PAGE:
Relying on honorees’ friends to lure them with subterfuge to the Hilands Golf Club Wednesday, YWCA Billings announced the winners of its 2018 Salute Awards — four women, one man and the inaugural Exemplary Philanthropy Award.
This marks the 34th year for the awards, which will be formally bestowed April 13 at the DoubleTree by Hilton Hotel. Visit the YWCA Billings website, www.ywcabillings.org/events, for more information or to make a reservation.
Ben Halverson, a deputy city attorney who works with women in crisis who come to the YWCA, was named the Individual who Supports and Mentors Women.
“I thought I was here for dinner with my fiancee’s grandmother,” he said.
People who nominated Halverson praised his advocacy for Senate Bill 153 during the 2017 legislative session, which made strangulation of a partner or family member a felony.
YWCA Billings has exactly $1 million left to raise to operate Gateway Vista, the 24-unit affordable housing complex at 909 Wyoming Ave.
“I’m super thankful, but I don’t feel like I deserve this award,” he said. Halverson said he’s grateful for the chance to work with the victims of domestic violence, work he called “high risk and high reward.”
Carol Burton, CEO of United Way of Yellowstone County and one of four Women of Achievement, was unable to attend. Her nominators called her “a tireless advocate for the under-served, those in poverty and those in crisis.” Burton was credited with leading her agency “in uncovering the most pressing needs of the community and then forges partnerships that will create needed change.”
Liz Ching is a former congressional aide who now works with coal-impacted communities for the Montana Department of Labor and Industry. She said she was present for the announcement under the guise of YWCA Billings fundraising.
She was praised for, among other things, her volunteer work empowering young women through education in science and technology. “You can go anywhere in Montana,” one of her nominators wrote, “and someone has been touched by the magic of Liz Ching.”
Kathy Cross’ nomination came from her work as president of Dress for Success Billings, which helps clients find clothing that’s suitable for important appointments such as job interviews.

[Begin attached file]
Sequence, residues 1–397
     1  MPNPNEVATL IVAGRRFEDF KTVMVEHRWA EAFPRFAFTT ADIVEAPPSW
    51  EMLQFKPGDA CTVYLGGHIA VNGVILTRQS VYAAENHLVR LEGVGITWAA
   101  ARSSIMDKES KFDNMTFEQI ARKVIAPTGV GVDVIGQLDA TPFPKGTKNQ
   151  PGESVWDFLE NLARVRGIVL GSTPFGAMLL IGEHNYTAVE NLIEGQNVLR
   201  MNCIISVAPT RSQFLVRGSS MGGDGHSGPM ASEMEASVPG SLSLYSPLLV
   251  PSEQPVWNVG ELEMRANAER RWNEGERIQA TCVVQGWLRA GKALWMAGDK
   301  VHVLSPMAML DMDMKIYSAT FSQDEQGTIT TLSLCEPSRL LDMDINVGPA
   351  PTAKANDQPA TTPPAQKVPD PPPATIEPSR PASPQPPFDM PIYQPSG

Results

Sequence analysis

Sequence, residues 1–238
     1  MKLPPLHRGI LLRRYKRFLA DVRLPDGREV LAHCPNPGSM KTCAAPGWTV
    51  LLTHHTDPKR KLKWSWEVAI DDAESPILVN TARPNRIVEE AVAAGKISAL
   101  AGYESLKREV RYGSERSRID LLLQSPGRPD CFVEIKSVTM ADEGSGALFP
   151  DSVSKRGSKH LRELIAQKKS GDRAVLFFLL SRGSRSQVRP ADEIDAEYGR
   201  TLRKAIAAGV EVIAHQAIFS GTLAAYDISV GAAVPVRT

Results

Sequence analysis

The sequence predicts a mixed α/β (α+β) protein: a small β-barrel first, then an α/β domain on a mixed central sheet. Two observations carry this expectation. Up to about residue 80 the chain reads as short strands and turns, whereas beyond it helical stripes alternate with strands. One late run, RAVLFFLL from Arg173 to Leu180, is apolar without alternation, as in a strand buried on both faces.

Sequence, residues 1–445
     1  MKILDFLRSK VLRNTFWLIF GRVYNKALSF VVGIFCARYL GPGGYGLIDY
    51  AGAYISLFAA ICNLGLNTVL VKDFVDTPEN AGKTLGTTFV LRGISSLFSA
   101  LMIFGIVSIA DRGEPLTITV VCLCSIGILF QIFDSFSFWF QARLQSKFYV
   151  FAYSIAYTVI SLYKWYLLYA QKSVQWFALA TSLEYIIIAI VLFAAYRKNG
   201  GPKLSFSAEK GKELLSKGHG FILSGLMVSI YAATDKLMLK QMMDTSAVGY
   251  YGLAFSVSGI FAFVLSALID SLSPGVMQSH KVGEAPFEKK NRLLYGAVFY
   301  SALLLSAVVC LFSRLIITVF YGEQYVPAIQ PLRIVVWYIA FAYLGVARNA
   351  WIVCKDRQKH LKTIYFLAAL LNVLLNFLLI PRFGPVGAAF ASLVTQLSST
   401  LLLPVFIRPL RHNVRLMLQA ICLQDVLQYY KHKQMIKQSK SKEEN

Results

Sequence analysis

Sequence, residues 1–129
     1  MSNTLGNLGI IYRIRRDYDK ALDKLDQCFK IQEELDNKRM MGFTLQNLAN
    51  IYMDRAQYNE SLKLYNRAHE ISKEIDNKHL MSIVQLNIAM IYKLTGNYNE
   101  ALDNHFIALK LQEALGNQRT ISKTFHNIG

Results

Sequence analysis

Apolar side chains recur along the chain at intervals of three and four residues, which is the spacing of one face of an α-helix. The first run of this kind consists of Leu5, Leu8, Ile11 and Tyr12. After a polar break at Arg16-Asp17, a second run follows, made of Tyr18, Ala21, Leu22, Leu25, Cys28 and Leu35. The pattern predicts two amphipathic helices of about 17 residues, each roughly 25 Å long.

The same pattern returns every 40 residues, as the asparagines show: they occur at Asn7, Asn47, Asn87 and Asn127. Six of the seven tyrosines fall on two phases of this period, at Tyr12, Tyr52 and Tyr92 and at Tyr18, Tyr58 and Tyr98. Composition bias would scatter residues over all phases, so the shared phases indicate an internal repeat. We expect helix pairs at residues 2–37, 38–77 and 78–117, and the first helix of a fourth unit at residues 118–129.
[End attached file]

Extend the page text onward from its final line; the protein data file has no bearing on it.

“YWCA knows first-hand how passionate Cross is about creating opportunities for women to succeed and offering them a way to regain their dignity through self-sufficiency,” her nomination letter stated.
Inside Dress for Success Billings, an airy downtown boutique filled with racks of tastefully arranged women’s clothing and jewelry, little mir…
She said she attended Wednesday because her daughter, profiled as part of The Gazette’s 40 Under Forty, told her that a party was being thrown for those honorees.
“I’m not good at being recognized,” Cross said, clutching a bouquet she’d just been handed. “I prefer to fly under the radar and do my thing.”
Her nomination letter called her “a highly dedicated community volunteer who knows how to motivate and inspire her peers to join her to improve the lives of others in our community.”
The YWCA in Billings is in the midst of a push to let more people know about its services for domestic abuse victims while highlighting a numb…
The final woman to be honored was Rimrock CEO Lenette Kosovich-Edgerton. Her “progressive ideas and ability to turn them into action have saved the lives of many the YWCA serves and countless others in our region,” her letter stated. “She is a tireless advocate for people with substance abuse issues and their right to have addiction treatment, quality health care, fair housing and necessities such as food for their children.”
First Interstate Bank garnered the initial philanthropy award in light of the more than $50 million it’s given to nonprofits and communities. The bank is YWCA Billings’ low income housing tax credit partner for the Gateway Vista Affordable Housing project currently under construction and is “a dedicated supporter of its programs for women and children, providing funding, grants and volunteers," its letter said.
First Interstate Bank’s Brian Brown, the bank’s Billings market president, said that commitment to the communities in which the bank does business is expected of employees. “It’s one of the things I’m most proud of,” he said. “There aren’t too many (fundraising) dinners on Friday and Saturday night that we’re not at."